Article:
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9882                                                      Y. Zhang et al.: Amplification of light absorption of black carbon

the Dp / Dc ratio calculated in this study due to mismatch in     2.3   BC effective emission intensity
the SP2 size cut for incandescence vs. scattering is no more
than 10 %. High detection efficiency of SP2 scattering for        To evaluate the impact of regional transport on BC-
BC-containing particles observed at our site can be attributed    containing particles, we used a variant of the effective emis-
to their large size (180–500 nm, Fig. S8).                        sion intensity (EEI) defined by Lu et al. (2012) to quantify
                                                                  the amounts of BC over the observation site from different
2.2.2   BC optical properties                                     source regions. In this study, the spatial origin of the BC
                                                                  observed at our site was divided into local sources in Bei-
Based on the size information on BC-containing particles          jing and regional sources in other areas (i.e., Hebei, Tian-
(i.e., Dc and Dp ) obtained from the SP2 measurement (dis-        jin, Shanxi and Inner Mongolia; Fig. S1). The EEI takes
cussed in Sect. 2.2.1), we used Mie theory with a shell-          into account emission, transport, hydrophilic-to-hydrophobic
and-core model to retrieve the optical properties of BC-          conversion and removal processes (i.e., dry and wet deposi-
containing particles, including the absorption enhancement        tion) of BC throughout the whole atmospheric transport pro-
(Eab ) of rBC, the mass absorption cross section (MAC) of         cess from the origin of the BC emission to the receptor site.
BC-containing particles and bare rBC cores, the mass scatter-     A novel back-trajectory approach was developed by Lu et
ing cross section of bare BC core (MSCcore ), and the absorp-     al. (2012) to calculate EEI values.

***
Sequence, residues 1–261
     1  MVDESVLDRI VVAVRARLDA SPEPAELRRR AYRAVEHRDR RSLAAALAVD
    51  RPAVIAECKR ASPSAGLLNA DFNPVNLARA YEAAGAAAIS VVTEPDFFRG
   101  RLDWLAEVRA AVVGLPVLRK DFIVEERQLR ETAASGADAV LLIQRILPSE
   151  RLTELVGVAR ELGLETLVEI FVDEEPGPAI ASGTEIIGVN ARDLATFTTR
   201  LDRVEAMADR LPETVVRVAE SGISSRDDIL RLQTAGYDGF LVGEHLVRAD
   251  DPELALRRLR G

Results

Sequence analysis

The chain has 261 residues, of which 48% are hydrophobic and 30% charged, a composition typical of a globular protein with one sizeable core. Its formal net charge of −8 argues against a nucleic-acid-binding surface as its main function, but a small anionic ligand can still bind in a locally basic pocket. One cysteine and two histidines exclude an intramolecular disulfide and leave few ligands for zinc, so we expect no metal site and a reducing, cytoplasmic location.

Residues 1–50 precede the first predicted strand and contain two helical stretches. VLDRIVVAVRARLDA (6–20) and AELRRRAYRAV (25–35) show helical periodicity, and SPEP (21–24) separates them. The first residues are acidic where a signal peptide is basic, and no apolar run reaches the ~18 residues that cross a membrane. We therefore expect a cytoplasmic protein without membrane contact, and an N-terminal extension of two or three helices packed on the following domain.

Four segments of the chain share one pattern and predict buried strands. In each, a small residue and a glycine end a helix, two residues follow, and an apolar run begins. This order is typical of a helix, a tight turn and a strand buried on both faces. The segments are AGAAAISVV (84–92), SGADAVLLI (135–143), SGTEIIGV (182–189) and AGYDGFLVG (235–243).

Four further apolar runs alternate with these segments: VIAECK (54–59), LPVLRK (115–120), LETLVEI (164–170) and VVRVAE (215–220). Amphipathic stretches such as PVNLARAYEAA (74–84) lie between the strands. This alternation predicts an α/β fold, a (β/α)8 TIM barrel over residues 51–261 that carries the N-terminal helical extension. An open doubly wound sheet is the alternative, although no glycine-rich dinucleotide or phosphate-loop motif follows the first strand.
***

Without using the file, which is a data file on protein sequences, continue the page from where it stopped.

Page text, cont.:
tion coefficient (σab ) of BC-containing particles. The calcu-         In this study, the back-trajectory analysis was performed
lation of these parameters is described below.                    by the Hybrid Single-Particle Lagrangian Integrated Trajec-
   The Eab characterizes the increase in BC light absorption      tory (HYSPLIT) model to obtain the transport pathways of
due to the lensing effect of coating materials on the BC sur-     BC to the observation site (40◦ 00’1700 N, 116◦ 19’3400 E) dur-
face and is used to quantify the theoretical light absorption     ing the campaign period (17–30 November 2014). The 72 h
capability of BC-containing particles in this study. The Eab      back trajectory at 100 m every hour was calculated with
is determined by the ratio of the absorption cross section of     the meteorological fields of NCEP Global Data Assimila-
the entire BC-containing particle (Cab,p ) to that of the bare    tion System at a 1◦ × 1◦ resolution. An anthropogenic BC
BC core (Cab,c ), as expressed in Eq. (2):                        emission inventory of China in the year 2012 at a resolu-
                                                                  tion of 0.25◦ × 0.25◦ was used to support the back-trajectory
        Cab,p (Dc , Dp , RIs , RIc )
Eab =                                ,                     (2)    analysis. The gridded BC emission data are from the Multi-
            Cab,c (Dc , RIc )                                     resolution Emission Inventory for China (MEIC) developed
                                                                  by Tsinghua University (http://www.meicmodel.org, last ac-